Electoral system. In the beginning, the Duma’s 450 seats were chosen half by party list and half by single mandate with a 5% threshold. Then Putin I changed it to all party list and 7% threshold. Putin II has just sent a bill to the Duma to change it back to the original. So what was the point of all that? The new law forbids electoral alliances – obviously another attempt to force like-minded people to unite. But we have 20 years of observational experience that Russian liberals refuse to sink their (small policy but large personality) differences. On a personal note, I was an observer in the 1995 election when 40-some parties ran. The party vote ballot was the size of a newspaper sheet and few voters had a clue. Are we going back to that?
Corruption. Investigations all over the place. Phoney academic degrees; embezzlement at RusHydro; two frauds in the Penitentiary Service; tax evasion at RUSAL; a former Duma Deputy. And not to forget OboronServis: Prosecutor General Chayka says 25 separate cases have been combined, the total cost of which is now said to be over US$400 million. The MoD is target-rich: a general is suspended, a former financial administrator jailed, a possible rotten rations scandal, and a supplier case. And the Olympics appear on the horizon: cost inflations. Sergey Ivanov has said that no one is immune. The Central Bank has weighed in with a statement that illegal money transfers amounted to US$49 billion in 2012 and that every tenth company making settlements through its payment system dodged tax payments in 2012. Obviously these cases have been in preparation for some time and investigators are digging. Definitely a serious campaign.
Demonstrations. The Constitutional Court ruled that the minimum level of fines for violations of laws governing protests should be lowered and the Duma promised to do so soon. A couple of demos on Saturday: a Udaltsov-sponsored one pulled a couple of thousand and a pro-government one two to three times as many although there was a strong smell of fakery about it.
Demographics. The Health Ministry tells us that infant mortality was 8.7/1000 in 2012 which is a very considerable increase from the 7.1/1000 claimed for 2011. The true reason for the increase is that Russia has now adopted the WHO standard of definition. See Adomanis.
Security concept. A new one is out but I haven’t read it – I’ve read so many of these impenetrable, repetitive, long-winded and curiously pointless documents in my career that I really have to nerve myself up to tackle another one. Judging from what Vlad Sobell tells me (he has read it) the major changes are a more pessimistic world view (and who would contradict that?) and much smaller expectations of cooperation with the USA (ditto). The main themes of multi-polar, UN, international norms, that have been repeated over and over, remain. I have never understood why Moscow produces these things – Western commentators typically go through them to find a sentence to spin to keep the anti-Russia fire burning. I suppose they are thought to serve some bureaucratic function, but, having laboured in a bureaucracy, my guess is that they are filed, unread.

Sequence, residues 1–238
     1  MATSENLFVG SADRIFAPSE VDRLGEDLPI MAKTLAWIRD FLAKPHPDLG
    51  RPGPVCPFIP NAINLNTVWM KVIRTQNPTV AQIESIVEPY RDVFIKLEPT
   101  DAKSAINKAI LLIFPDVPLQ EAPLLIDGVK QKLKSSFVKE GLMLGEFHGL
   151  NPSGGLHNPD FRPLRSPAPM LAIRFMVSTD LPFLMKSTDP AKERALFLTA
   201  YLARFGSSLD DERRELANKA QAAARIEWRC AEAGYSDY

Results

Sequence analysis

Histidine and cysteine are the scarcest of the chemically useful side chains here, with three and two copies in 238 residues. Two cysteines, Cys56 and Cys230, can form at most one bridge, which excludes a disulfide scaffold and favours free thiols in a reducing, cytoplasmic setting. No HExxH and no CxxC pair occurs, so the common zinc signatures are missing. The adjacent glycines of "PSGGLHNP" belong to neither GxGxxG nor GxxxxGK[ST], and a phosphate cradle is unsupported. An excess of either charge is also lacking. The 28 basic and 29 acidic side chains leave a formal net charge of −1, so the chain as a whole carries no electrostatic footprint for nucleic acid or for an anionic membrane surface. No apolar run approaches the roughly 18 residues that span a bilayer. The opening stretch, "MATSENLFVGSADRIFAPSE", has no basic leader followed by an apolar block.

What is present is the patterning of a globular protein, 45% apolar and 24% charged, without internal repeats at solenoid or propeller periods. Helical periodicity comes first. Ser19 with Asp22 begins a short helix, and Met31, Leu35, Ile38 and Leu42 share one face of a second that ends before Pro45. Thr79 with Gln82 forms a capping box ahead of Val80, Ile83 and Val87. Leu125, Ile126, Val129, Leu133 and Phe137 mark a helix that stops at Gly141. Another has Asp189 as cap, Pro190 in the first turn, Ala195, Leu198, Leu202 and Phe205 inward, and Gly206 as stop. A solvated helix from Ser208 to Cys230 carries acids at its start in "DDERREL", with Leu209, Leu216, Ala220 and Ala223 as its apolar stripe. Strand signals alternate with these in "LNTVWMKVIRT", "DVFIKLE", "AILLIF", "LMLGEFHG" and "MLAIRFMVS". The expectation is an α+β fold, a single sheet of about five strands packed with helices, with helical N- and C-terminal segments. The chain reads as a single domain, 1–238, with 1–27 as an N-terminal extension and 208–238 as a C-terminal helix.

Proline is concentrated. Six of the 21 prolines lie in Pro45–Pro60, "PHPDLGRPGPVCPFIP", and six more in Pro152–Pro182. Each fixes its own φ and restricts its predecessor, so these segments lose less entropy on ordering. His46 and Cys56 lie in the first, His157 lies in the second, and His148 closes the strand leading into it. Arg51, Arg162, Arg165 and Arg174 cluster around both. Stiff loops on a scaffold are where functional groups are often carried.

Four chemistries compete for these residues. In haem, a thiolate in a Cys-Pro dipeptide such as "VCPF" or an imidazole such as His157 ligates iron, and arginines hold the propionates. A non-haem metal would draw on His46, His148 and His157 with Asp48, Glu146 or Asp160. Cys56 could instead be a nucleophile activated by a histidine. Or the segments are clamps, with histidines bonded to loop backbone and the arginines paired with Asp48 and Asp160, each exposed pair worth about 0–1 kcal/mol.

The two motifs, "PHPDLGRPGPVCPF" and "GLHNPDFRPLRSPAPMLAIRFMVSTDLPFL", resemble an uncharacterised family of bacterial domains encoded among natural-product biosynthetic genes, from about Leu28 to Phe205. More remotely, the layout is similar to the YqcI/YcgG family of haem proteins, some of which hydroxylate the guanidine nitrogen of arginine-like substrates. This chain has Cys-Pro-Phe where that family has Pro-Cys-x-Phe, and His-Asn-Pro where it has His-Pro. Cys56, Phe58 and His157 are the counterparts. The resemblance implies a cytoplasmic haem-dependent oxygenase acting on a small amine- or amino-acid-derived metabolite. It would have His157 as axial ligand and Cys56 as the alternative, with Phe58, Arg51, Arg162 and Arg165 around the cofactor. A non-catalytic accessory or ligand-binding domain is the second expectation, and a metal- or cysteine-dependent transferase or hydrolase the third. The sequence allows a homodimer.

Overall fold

Assets, real and otherwise. Moscow and Havana are a bit closer to dealing with the US $30 billion or so that Havana owes. They say part will be written off and part restructured. I expect Moscow will be lucky to get a kopek on the ruble. This should remind us of a post-Soviet reality. When the Russian Federation took over the USSR’s debits and credits, it took responsibility for debts to groups like the Paris Club that expected to be paid in full and acquired “assets” like Cuba’s debt. Indeed, when we add to these real obligations and worthless credits the capital flight from Russia and the supply of underpriced energy to its neighbours, it’s clear that Russia was actually subsidising people to its west in the 1990s.
Mores. It is often forgotten in the West that Russians are somewhat old-fashioned in their attitudes. We are reminded of this truth when prosecutors issue a warning to a department store decorating its windows with mannequins having sex. What would have happened in London, New York or Toronto in the early 1960s?
Georgia-Russia. More progress. Russian inspectors have cleared the way for the resumption of wine and mineral water exports. The two are holding regular meetings about improving relations where they can. Saakashvili, as usual, is spreading disinformation: his latest fable is that his defeat was a made-in-Russia operation. (Will his American flacks pick this up?) But, fortunately, he doesn’t seem to be getting any traction: the Georgian parliament today issued a unanimous statement on the course of Georgia’s foreign policy which greatly toned down the anti-Russia stuff.
© Patrick Armstrong Analysis, Ottawa, Canada
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